What is the history of the bible
- Browse by topicSearch our book database by subject, country, epoch, year of publication or key word.
- Book show of the weekHaven't you had time to read the newspaper or drop by us in the last few days? Doesn't matter, because here you can view our review notes for the last six days of publication sorted by newspaper or topic.
- Literature supplementsAll of our notes on the book reviews in the literature supplements from FAZ, FR, NZZ, SZ, taz and Zeit.
The story of the bible
From the origins to the present
Klett-Cotta Verlag, Stuttgart 2020
Hardcover, 720 pages, 38.00 EUR
Hardcover, 720 pages, 38.00 EUR
Translated from the English by J. Hagestedt and K. Schuler. Western culture is inconceivable without the Bible. For Judaism and Christianity, it is the foundation of religion and the authority that gives information about what we believe and how we should live. For non-believers, the "Book of Books" is still one of the most important works in world literature, the effect and influence of which has been inscribed in our language and in our thinking. In his book, written as elegantly as it is accessible, one of the world's best connoisseurs comprehensively tells the complex origins and varied history of the Old and New Testaments. John Barton decodes the whole variety of sources and traditions on which the biblical texts are based, and explains in a lucid and generally understandable way the more than 2000 years of the Bible's impact: from its origins to antiquity, the Middle Ages, the Reformation, the Enlightenment and the 19th century into the modern age.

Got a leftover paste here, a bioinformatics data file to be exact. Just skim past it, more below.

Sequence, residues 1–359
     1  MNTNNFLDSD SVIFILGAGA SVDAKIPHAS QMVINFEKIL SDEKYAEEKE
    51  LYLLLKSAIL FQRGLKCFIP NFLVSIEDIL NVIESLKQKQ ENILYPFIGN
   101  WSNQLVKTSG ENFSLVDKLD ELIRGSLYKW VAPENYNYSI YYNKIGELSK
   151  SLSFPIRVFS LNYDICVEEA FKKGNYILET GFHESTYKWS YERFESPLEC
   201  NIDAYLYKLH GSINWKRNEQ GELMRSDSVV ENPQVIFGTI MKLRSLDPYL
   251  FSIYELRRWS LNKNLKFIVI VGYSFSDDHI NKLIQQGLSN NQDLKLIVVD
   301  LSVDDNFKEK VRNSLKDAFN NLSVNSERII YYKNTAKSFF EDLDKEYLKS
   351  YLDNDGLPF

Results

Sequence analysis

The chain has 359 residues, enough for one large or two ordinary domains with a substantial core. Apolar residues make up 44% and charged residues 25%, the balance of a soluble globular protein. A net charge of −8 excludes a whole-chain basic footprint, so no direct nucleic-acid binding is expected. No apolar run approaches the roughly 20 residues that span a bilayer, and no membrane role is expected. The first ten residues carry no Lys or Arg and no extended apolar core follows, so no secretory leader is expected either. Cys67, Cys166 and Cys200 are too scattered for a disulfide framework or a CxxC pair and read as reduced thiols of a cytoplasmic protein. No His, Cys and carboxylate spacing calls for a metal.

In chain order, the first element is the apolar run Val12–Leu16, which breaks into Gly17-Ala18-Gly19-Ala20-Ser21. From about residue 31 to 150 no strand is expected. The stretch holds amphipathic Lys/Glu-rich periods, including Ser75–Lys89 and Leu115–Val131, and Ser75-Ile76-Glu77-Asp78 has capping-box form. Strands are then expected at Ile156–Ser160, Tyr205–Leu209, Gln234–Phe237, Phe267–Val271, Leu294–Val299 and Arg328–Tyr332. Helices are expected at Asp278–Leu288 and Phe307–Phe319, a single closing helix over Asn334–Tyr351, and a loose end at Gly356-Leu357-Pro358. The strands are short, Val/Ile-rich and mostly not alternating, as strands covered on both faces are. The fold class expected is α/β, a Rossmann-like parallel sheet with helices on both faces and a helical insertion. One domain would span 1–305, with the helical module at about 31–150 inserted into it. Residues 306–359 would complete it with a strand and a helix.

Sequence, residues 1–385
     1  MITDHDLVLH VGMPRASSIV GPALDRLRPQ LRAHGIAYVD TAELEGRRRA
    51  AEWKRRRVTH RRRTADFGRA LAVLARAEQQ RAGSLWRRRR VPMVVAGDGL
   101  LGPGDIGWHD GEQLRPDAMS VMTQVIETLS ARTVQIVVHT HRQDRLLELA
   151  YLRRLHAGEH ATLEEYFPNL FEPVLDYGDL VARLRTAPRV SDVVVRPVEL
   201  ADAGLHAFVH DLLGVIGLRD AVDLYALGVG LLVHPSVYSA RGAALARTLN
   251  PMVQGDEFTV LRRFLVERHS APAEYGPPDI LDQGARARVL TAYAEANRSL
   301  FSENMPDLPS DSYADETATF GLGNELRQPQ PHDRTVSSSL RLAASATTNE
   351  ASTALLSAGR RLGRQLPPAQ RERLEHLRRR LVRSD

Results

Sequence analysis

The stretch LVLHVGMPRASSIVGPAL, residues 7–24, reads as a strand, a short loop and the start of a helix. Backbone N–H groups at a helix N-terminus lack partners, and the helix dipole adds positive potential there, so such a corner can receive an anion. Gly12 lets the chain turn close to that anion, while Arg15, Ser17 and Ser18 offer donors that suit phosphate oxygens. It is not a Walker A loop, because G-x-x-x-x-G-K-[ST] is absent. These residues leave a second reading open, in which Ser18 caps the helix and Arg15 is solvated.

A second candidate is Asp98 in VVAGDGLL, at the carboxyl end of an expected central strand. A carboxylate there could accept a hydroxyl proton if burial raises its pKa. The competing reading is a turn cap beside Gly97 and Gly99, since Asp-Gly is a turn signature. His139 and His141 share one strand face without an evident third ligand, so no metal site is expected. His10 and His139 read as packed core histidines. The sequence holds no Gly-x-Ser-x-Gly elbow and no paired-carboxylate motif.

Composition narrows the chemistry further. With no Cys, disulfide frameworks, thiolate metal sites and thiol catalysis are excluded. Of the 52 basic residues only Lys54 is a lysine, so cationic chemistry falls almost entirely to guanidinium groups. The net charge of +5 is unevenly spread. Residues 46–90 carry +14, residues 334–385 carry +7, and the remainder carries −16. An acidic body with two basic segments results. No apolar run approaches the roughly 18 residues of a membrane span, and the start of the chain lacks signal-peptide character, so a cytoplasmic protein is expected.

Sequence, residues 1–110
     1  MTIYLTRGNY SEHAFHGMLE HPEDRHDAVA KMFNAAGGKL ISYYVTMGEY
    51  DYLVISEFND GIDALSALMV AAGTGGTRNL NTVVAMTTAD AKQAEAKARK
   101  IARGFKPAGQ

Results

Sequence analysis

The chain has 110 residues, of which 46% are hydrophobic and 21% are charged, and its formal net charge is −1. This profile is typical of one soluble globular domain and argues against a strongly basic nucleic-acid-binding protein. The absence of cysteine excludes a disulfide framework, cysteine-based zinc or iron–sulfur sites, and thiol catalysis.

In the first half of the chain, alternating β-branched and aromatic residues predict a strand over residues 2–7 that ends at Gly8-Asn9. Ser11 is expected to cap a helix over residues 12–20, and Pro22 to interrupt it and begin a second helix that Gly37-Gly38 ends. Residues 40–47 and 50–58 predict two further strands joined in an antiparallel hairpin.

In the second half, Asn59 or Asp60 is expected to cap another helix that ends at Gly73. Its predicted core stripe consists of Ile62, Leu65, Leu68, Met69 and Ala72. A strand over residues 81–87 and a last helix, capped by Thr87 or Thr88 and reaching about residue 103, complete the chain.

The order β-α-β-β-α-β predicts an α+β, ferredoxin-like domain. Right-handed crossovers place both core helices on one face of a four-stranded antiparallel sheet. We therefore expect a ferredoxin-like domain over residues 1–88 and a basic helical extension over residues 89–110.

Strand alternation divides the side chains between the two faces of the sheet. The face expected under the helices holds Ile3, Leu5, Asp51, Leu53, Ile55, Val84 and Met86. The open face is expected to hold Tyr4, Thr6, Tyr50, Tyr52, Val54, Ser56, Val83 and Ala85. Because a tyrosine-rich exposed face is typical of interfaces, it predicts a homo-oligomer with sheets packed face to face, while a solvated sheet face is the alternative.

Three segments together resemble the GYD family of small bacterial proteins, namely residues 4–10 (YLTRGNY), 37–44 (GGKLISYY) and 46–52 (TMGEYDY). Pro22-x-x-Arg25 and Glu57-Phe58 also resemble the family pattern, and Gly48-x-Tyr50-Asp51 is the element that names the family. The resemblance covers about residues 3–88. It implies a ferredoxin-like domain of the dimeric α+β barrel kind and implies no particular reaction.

Review note on Frankfurter Allgemeine Zeitung, 10.10.2020
Reviewer Johann Hinrich Claussen suspects the problem of John Barton's plan to tell the history of the Bible in a single volume. The necessary restrictions are not doing the project any good, he recognizes. For example, the reviewer misses statements about the understanding of the Bible in the ancient churches of the Middle East or the biblically inspired arts. Above all, however, he misses an own approach, an own question of the author. As sympathetic as the Claussen volume is, as well as being suitable as a brief summary of the history of religion, Judaism and Christianity, and biblical exegesis, the reviewer lacks a story of his own. Claussen would like to point out to all those who like to rave about the stylistically so masterful Anglo-Saxon non-fiction that Barton writes informatively, but also damn cumbersome.Read the review at buecher.de
- What is your favorite music cover
- Where can I find Morocco
- Who in BTS are best friends
- What are some examples of guerrilla tactics
- Can a person stop having diabetes
- MLB jugs have flexible fingers
- How to Prevent Brain Freezing
- Lots of the new Jim Crow
- Where is the Eiffel Tower 1
- How do fish practice hygiene
- Costs YouTube money
- The earth is a sphere
- Why don't all women wear tights?
- How do I feel less hungry
- Which motherboards work with Ryzen 3000
- When link building is important
- How are stunts done in movies
- Are still real PS4 emulators for Android
- Humans evolve because of modern medicine
- Truck drivers should wear visible clothing
- What's nested in Adobe Premiere Pro
- How many drummers can a band have
- What is Trustworthy Online Privacy
- Are tattoos forbidden in Christianity